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It is by no means a new problem but does it have an answer? You are faced with a child who is desperately ill and may well die. You have a new potential treatment that has not been submitted to a controlled trial but preliminary reports suggest it might appreciably reduce the risk of death or morbidity. Do you go ahead with random assignment to new treatment or placebo, or do you do what you almost certainly would do if it were your own child and give the treatment? But you don’t know whether the treatment could in fact be harmful; of course you don’t, but in those circumstances you would probably be prepared to take the risk. So how do you prove new treatments and how do you get truly informed consent for randomised trials?
Two recent reports about treatment for severe meningococcal septicaemia illustrate the problem. The first (Giroir and colleagues; Lancet 1997;350:1439-43) concerned the use of rBPI21, a recombinant, N-terminal fragment of human bactericidal/permeability increasing protein, which binds endotoxin and kills meningococci. Twenty six patients were treated and one died. Between four and eight deaths might have been expected. Nevertheless it has been suggested that the treatment was given too late for it to be reasonable to suppose that rBPI21 had an appreciable effect on endotoxin or cytokine levels (commentary, Lancet 1997;350:1565-6). A multinational randomised trial has been set up. The second report, from Dublin, (Smith and colleagues; Lancet1997;350:1590-3) details the results of giving a mixture of three new treatments. Twelve patients were treated for meningococcal septicaemia with purpura fulminans and severe acquired protein C deficiency. All 12 were given intravenous protein C, 11 were given heparin, and nine had haemodiafiltration. No patient died although the predicted mortality was 57-80%. The authors call for a randomised trial.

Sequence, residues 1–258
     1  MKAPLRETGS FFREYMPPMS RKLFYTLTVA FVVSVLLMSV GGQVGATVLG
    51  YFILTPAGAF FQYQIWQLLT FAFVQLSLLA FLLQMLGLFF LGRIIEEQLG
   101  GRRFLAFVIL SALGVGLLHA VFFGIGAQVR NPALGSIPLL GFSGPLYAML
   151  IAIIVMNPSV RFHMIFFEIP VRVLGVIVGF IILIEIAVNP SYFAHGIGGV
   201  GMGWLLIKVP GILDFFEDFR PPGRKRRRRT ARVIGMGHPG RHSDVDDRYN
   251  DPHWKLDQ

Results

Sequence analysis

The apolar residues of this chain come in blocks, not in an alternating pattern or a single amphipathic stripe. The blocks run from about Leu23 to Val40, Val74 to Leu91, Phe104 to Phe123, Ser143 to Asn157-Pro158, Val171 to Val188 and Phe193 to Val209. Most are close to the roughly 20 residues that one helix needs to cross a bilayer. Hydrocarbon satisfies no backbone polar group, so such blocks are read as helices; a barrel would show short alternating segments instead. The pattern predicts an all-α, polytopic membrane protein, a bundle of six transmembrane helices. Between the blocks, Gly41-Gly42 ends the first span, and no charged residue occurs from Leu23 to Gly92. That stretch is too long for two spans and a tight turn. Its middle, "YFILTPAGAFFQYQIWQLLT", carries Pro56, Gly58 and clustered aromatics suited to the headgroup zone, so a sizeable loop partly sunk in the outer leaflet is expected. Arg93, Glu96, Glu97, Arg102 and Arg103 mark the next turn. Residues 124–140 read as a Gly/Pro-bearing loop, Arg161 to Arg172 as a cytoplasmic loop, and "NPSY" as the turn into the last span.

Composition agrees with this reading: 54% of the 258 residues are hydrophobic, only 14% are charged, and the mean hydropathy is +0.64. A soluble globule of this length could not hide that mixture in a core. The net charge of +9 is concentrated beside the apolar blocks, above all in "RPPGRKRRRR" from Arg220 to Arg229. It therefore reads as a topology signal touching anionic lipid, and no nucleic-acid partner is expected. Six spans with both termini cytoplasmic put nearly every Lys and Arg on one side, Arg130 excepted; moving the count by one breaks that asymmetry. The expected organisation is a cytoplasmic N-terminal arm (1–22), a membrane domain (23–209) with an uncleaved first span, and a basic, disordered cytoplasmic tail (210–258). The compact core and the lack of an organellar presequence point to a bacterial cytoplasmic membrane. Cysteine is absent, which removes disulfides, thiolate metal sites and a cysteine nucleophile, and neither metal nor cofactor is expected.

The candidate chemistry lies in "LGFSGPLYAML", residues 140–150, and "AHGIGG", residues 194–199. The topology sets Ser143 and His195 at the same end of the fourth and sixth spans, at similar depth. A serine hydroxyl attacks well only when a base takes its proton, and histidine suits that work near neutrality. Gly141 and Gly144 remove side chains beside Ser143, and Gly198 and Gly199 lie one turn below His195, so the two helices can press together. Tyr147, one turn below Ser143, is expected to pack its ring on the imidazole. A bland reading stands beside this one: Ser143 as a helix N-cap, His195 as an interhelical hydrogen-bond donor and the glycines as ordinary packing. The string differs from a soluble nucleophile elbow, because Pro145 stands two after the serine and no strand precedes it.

I don’t know the answers. How do you obtain truly informed consent? Is it ethical not to tell parents about the results of the preliminary trials or do you simply say, no trial, no treatment? In a condition with high mortality would it be wrong to continue with a trial using historical controls? Supposing, for instance, the Irish trial were to continue uncontrolled and after 25, or 50, or 100 patients there were still no deaths and morbidity remained low, wouldn’t that be convincing, and wouldn’t it have avoided inevitable deaths in a controlled trial? But if the results became less clear cut wouldn’t that then provide an even stronger indication for a randomised trial? Perhaps somebody out there will explain.